Boot choice can also make a big difference in spur use and comfort. Some form of stiff shank in the sole of the boot will help lessen the pressure of the stirrup against the arch, and deep heels can help keep the hook in place. A wrap of the lower strap over, around and then under the shank will accomplish the same thing regardless of boot heel size. The spikes, or gaffs, themselves are a vital part of proper spur function. They are designed to plane into the wood of the tree smoothly with a minimum of effort to keep the user in place. Almost all spur manufacturers have some type of guide for their gaffs that provide the angles for sharpening and maintenance; following these recommendations is an excellent way to keep spurs in good working order. As a general guideline, spikes are sharpened from the inside out toward the tip in a curving motion, as the goal is not a sharp nail-like point, but a plane-like edge. The curved outer edges of the gaff, called the beehive, are not meant to be filed and should only be touched up with a whetstone unless some pretty serious damage has taken place.

Long or short?

There are two types of gaffs in the world: tree and pole. Most arborist supply companies will provide a new pair of purchased climbers with tree gaffs. These are significantly longer than pole gaffs, which are meant to be used on the harder bark-free wood of utility poles, but the reality is that the longer tree gaffs are usually only necessary in extremely thick-barked trees, such as the large conifers of the Northwest. In fact, pole gaffs work well in the majority of trees and are often easier to use if the tree care company is dealing with mainly hardwood species. Entry-level pairs of climbers – otherwise known as the cheapest in price – may not allow the user to switch gaffs or spikes, but a quality pair will have this option, which may prevent having to buy a brand-new pair when only the gaffs need replacement.

The use of a running bowline around the spar gives the spur user a secondary means of support and climbing system. Photo: Michael Tain

The foot tourniquet

Anyone who’s worn a set of spurs for eight hours taking down a large tree can attest to the discomfort involved with tingling and reduced blood flow in their feet, yet modern gaffs provide a large number of options for minimizing, if not reducing, this foot tourniquet effect. The traditional attachment method of straps, made of either leather or “pleather,” is certainly still available, and is typically the most economical option. If spur use is limited in a company’s scope of operations, or if the climber is only using spurs on small trees for a short amount of time, these straps will certainly do the job. However, should daily use of spurs for extended periods of time be the reality, users may wish to explore some of the more modern attachment options which include pads that secure with Velcro, moldable stiffened inserts, and even carbon fiber sheaths that go around the calf, all of which provide for safety and ease of use while increasing user comfort.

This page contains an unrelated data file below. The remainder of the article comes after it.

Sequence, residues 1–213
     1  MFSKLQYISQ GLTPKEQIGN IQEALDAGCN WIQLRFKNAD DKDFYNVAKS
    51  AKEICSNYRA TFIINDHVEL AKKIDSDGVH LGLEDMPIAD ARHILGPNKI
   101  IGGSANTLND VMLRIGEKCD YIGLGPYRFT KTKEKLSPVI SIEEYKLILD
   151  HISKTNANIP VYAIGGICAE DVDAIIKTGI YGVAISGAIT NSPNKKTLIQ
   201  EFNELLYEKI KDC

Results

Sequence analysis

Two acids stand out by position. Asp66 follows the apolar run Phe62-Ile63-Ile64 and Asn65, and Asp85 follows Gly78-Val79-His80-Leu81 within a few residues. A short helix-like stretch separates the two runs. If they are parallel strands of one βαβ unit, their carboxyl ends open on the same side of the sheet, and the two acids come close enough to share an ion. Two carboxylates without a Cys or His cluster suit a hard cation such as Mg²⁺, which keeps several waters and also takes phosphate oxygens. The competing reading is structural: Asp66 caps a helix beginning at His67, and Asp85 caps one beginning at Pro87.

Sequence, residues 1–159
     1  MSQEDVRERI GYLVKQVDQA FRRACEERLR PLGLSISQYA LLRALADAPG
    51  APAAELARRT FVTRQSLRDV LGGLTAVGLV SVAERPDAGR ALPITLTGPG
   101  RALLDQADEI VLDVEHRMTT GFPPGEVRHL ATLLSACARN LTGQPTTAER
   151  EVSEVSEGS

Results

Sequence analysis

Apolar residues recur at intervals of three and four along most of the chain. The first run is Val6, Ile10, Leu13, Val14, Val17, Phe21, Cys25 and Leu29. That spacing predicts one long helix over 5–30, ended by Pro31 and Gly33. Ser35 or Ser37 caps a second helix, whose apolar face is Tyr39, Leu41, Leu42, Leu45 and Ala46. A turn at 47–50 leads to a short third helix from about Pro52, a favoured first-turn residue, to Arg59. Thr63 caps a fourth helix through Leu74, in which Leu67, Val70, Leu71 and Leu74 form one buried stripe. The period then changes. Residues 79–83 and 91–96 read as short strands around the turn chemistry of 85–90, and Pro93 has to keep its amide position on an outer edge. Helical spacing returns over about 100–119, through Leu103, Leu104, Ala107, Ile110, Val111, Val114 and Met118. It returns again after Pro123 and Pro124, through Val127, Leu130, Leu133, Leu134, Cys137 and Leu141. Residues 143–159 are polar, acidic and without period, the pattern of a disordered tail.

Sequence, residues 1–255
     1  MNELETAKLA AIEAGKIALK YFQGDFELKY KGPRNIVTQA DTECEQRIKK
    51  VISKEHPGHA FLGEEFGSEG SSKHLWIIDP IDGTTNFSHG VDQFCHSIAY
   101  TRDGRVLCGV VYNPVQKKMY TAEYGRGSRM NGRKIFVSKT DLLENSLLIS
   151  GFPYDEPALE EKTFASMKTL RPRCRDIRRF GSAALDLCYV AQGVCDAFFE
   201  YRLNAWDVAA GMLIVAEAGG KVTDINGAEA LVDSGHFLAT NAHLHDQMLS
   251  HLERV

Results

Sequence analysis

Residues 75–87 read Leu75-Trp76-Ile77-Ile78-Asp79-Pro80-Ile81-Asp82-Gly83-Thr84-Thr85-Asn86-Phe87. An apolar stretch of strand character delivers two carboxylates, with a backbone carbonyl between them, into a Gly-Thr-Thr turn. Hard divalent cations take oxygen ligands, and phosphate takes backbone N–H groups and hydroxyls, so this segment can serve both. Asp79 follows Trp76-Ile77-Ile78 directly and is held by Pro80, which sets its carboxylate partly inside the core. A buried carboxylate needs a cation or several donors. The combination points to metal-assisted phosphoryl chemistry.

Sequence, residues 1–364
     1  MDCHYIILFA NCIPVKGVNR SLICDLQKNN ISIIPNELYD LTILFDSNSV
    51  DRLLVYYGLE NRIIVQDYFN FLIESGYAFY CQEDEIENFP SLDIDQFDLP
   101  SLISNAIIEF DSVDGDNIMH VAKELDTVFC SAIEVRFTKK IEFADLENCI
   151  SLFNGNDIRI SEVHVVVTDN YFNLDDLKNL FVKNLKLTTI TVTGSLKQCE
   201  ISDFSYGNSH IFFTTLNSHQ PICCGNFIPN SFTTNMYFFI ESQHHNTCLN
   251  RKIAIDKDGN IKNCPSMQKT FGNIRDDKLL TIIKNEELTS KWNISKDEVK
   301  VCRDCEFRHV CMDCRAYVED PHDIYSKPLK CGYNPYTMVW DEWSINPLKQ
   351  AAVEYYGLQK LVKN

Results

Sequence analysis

Gravity is the law

Many climbers “came up” using their spurs and their flip lines or lanyards as their sole means of support when carrying out a takedown, but one who has had the unique experience of “kicking out” and the attendant friction-filled descent has probably at least considered the wisdom of being tied in to another means of support while on spurs. While it may not always seem possible, an overhead tie-in point (TIP) is highly recommended when spur climbing. In addition to preventing a fall in the event of “kick out,” it will increase mobility and comfort while providing the required second means of attachment when using a chain saw. A number of innovative devices or techniques can provide some form of choking system even on smooth branch-free spars so that a spur user always has a secondary climbing system for support and movement.

An arborist climbing in spurs is hearkening back to the early days of tree care, in a way experiencing tree climbing as it was even a century or more ago, using a 19th century tool and technique in this, the 21st century. This is part of the beauty of arboriculture, being connected so closely to all of those who climbed and loved trees previously, but it is also part of the challenge of the profession. While spurs may not have changed fundamentally, arborists’ knowledge of trees, their health and worker safety has, so why not use these elegantly simple tools in the safest most efficient way while caring for trees? Hopefully the basic principles and knowledge discussed here will assist tree care professionals in using spurs safely and efficiently, as well as ethically.